post #53 of 59

I will wear the camel back from time to time because I find it an easy and convienient way to drink water on the lift after pounding some Mary Jane moguls.  
I know my body better than anyone else and I know what keeps it running efficiently.  I can't imagine anyone discouraging the drinking of water during an activity such as skiing... no matter their level.  What does it hurt?   Plus, it allows me to get in more runs as we eat lunch on the lift. 
Maybe some feel it improves their skiing, maybe it doesn't.  Who cares.  Just do what you want to do and enjoy the mountain!


Peace, Love, Bumps 

 

post #54 of 59
comprex is a macho man and looks great in chaps (my favorite fetish)
i like to drink water on the lift, cause i get cotton mouth from all the dope smoking.
my bong fits in my pack also.
post #55 of 59
High activity, high altitude, high risk of dehydration....  Yep, I ski with a hydration pack, but no pills!

Look at the Dakine set of hydration packs.  The packs are great and you can put whatever type of bladder in it you want but the the Dakine bladder works well.  Last year it was made by Nalgene but this year they have a new version. 

FYI, for the guy in St. Anton.... It is very rude not to share your Schnapps with the other people on the tram.  When I lived their we carried a flask and if we pulled it out, we always had to pass it around.  Of course your answer could have simply been "hay I'm an American, it's only water".  This they would have understood. 
post #56 of 59
Quote:
Originally Posted by comprex View Post
Hydration packs are useless for lift-served skiing


 

That depends. First, there are resorts where potable water is not available in some zones (years ago, this was the case at Crested Butte for sure). Where I ski, above 2000 meters there is none, for example. You could buy it, of course, but that's not what we're talking about, right?

Then, there's the time issue. At my hill, on weekdays, the tram runs every 30 minutes. Runs down take about 15-20 minutes, then there's a cat track and a high-speed chair before the tram. Unless you're really fast, no time to stop, for anything. Springtime, when it's warm outside, I need at least a couple liters of water a day ("fortunately," our tram shuts down for an hour at lunchtime on weekdays, so I only have to carry a half-day's ration).

 

In Europe, you'd be hard pressed to find water fountains anywhere. You can fill up a bottle in the bathroom, but it's hard to know if that water's drinkable or not. I know from experience that tap below 2000 at our hill's OK (and that any higher it's not). Not sure I'd want to take that risk someplace I don't know.

You want to shell out for mineral water while you're skiing, that's your business. But it costs like a euro and a half for half a liter on the hill (as opposed to, like, 50 cents at the supermarket).

post #57 of 59
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post #58 of 59
Quote:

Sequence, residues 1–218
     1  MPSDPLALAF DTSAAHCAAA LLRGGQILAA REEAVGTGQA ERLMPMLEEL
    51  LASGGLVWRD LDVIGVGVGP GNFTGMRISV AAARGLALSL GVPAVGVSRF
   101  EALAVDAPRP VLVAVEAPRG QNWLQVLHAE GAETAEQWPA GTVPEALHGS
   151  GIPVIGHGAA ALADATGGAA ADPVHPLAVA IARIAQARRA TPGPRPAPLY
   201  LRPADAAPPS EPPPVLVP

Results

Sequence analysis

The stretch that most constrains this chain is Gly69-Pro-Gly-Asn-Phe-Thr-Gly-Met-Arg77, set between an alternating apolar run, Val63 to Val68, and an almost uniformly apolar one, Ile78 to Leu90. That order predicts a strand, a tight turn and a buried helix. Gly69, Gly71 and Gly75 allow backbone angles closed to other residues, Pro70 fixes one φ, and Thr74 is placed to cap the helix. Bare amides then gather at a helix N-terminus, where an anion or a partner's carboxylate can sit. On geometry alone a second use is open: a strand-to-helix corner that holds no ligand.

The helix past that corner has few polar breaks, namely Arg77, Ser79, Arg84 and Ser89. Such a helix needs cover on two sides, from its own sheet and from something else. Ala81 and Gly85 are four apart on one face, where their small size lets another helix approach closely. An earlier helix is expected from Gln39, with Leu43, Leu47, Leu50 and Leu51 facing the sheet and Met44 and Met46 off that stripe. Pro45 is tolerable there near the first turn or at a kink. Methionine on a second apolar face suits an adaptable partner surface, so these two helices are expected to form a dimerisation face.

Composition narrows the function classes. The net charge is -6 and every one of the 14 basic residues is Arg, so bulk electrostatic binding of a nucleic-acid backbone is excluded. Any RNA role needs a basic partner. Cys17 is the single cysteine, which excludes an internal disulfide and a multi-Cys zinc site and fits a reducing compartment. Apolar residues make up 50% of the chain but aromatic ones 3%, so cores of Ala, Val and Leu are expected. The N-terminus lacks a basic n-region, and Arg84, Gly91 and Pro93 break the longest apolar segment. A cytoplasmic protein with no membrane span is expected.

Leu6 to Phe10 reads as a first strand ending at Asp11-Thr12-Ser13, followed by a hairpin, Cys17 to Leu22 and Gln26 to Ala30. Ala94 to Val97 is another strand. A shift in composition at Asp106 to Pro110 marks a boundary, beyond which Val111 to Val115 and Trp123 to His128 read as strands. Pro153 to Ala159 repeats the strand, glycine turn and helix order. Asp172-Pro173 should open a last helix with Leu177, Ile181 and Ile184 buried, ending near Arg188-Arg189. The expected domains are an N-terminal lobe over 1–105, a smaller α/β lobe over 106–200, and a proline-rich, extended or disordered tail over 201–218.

Originally Posted by comprex View Post


No.   Read it again and you won't need a straw man argument.

Once again, for convenience:

 I have the mentality that  Camelbaks are  a FETISH  and that anyone who can drink 3 beers in one sitting can also drink one liter of water at the same sitting.   Or faster.

I also have the mentality that Camelbaks are a FETISH because people who object to being dehydrated and carry Camelbaks apparently still FAIL to drink enough.        Carrying a 3L Camelbak just to be able to drink 12-20 oz extra a day (i.e. less than 2 cans of soda) is the highest possible apex of FETISHISM.

I also have the mentality that the low levels of "dehydration" such as experienced by modern humans on ski slopes would have resulted in humans dying off long before Camelbaks were invented if they actually impaired human performance to the levels alleged.       Again, Camelbaks = FETISH.

I also have the mentality that non-stop sports (like randonee, tele touring or XC skiing) actually require intense levels of hydration (even at levels of 800ml-1.2 liters per hour) and therefore require use of something like Camelbaks, dehydration occuring nonetheless.   (And no bathroom stops required).     I have the mentality that most people have NO CONCEPT of how to drink this much water.

I have the mentality that, if a skier is working at lift-served alpine skiing even remotely as hard as someone else who is climbing 600-1000 vert per hour, the lift-riding skier needs lessons.    Badly.



 


comprex

the problem with your theory is that if you drink a liter of water, within the next 1-2 hours, your body is going to dispose of that water.  Either it's going to sweat it out, or it's going to create enough urine to bring your body back into homeostasis (your body doens't like to be too dilute).  so unless you plan on skiing for only a few hours, that liter of water is not going to last you the whole day (we're not camels--your body has no place to 'store' water).

secondly, you're right in that there's a range of dehydration that your body can tolerate.  But it's equally true that as you get to the limits of that range, it becomes pretty uncomfortable.

thirdly, I find that a camelbak is also particularly helpful at lunchtime, when I've ordered some burgers, but don't feel like spending $4 on a cup of soda. 

fourthly, if you gradually replace your fluid losses via camelback, your urine production will be lower, and you can avoid going to the bathroom all day.

what is a fetish, is this idea that you have to always be 'adequately hydrated.'  You don't have to drink liters and liters of water to be adequately hydrated.  You just need to not feel thirsty.  With a couple of sips from my camelback throughout the day, I seldom feel thirsty.  Thus, I am adequtely hydrating myself using my camelback.
post #59 of 59
Always!